“We took its mother, and it wasn’t to blame.”
“Surely it seems ungrateful to leave it to starve. Son, I can’t say ‘No’ to you. I never thought I’d live to see another day.”
“Can I ride back with Mill-wheel and see if I can find it?”
“Tell your Ma I said you can go.”
He sidled back to the table and sat down. His mother was pouring coffee for everyone.
Penny admitted to Jody that they killed the doe to save him, even though Penny couldn't be blamed at that demanding situation because he would have died if the doe's liver hadn't been used. Penny then told his son that leaving the fawn hungry could appear ungrateful because they killed his mother (though he was not to blame). Penny understood how important it was to get the fawn to their house.
Penny could never say 'no' to his son's fair request because he was alive due to the fawn's mother. Finally, Penny agreed to let Jody go on a search for the dead doe's fawn. Jody asked his father whether he might join Mill-wheel in the search for the fawn in the forest. His father agreed, and Jody was instructed to notify his mother that he had given him permission to visit the forest. Jody returned to his table, almost unnoticed by his mother, after conversing with Penny. Jody's mother was pouring coffee at the moment.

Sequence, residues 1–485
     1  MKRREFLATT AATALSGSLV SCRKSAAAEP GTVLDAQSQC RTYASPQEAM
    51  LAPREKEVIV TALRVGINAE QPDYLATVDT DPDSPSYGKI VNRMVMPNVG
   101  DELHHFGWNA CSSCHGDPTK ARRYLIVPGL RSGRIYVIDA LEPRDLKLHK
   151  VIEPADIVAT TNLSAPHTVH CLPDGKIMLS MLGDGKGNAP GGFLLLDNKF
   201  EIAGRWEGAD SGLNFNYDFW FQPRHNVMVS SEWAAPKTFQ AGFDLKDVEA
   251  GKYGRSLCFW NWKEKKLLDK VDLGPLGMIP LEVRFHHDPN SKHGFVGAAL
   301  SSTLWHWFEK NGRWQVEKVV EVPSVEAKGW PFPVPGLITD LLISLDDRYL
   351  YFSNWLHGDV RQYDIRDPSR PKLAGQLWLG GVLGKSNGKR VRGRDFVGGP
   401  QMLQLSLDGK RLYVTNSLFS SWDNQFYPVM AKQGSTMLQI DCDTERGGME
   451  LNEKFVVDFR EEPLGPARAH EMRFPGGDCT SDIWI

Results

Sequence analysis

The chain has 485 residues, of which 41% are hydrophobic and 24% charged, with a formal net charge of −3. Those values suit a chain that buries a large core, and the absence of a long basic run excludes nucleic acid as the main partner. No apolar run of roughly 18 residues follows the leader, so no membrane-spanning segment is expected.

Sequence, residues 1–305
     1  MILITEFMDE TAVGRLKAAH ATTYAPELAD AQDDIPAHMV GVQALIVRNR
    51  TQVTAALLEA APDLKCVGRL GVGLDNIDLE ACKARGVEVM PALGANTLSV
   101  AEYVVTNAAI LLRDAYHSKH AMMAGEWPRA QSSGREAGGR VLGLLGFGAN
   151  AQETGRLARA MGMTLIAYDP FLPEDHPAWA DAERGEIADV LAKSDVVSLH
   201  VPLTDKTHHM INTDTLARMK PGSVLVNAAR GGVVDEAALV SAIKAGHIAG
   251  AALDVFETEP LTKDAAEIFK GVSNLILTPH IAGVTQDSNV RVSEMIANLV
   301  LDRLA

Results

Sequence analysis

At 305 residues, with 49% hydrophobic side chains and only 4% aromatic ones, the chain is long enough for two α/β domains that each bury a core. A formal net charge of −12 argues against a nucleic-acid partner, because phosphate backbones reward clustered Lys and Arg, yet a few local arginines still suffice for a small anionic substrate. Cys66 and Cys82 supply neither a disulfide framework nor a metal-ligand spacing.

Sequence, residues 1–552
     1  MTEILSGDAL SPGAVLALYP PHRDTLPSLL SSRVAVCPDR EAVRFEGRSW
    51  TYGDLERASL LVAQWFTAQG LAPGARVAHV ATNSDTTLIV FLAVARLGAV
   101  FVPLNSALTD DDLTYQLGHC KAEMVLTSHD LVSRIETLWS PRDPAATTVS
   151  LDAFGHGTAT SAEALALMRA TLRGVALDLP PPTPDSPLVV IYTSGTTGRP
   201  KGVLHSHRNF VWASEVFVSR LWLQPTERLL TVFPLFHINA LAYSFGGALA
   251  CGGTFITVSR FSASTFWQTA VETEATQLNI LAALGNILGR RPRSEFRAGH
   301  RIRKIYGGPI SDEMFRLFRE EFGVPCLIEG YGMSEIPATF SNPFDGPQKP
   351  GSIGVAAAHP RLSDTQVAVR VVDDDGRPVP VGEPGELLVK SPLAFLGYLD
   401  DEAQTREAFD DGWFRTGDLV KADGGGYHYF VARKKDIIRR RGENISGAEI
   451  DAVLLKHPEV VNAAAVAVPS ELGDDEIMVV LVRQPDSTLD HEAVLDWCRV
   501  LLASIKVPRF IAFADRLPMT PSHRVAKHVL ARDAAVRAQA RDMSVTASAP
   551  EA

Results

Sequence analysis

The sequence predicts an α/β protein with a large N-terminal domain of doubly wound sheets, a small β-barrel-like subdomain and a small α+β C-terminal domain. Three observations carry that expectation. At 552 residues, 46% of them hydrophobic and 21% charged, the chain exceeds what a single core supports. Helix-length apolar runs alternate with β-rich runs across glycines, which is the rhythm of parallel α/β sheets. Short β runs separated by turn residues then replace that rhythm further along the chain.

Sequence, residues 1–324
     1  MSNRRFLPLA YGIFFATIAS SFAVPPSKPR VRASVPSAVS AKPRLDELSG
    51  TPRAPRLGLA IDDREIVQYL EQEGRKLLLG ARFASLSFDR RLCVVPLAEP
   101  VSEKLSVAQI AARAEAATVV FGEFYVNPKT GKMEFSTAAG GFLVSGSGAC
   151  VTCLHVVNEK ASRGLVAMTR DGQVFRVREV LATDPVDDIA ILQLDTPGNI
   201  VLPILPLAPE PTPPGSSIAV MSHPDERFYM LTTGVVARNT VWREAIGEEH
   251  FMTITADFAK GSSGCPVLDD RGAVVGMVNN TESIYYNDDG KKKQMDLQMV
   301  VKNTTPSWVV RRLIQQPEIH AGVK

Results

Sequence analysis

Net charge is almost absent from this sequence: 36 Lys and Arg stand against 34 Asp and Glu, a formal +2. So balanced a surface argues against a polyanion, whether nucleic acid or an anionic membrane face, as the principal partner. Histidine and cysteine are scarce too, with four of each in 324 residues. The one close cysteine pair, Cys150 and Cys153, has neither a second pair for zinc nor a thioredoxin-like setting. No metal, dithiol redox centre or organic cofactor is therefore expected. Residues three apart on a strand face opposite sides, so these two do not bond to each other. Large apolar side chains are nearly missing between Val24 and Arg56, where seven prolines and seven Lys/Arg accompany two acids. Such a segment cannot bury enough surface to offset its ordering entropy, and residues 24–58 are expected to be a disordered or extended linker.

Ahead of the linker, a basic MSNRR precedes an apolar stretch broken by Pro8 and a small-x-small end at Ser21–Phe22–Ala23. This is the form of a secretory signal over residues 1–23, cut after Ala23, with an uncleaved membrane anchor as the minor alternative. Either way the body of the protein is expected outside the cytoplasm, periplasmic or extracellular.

Meaning of difficult words:
|Sidled||To move towards somebody or something as if you do not want to be noticed|
|Ungrateful||Not acknowledging or thanking someone for anything they have done for you|
|Remark||Something you say or write to express your opinion|
National Council of Educational Research and Training (2008). Honeydew. This is Jody's Fawn - Marjorie Kinnan Rawlings (pp. 86-93). Published at the Publication Division by the Secretary, National Council of Educational Research and Training, Sri Aurobindo Marg, New Delhi.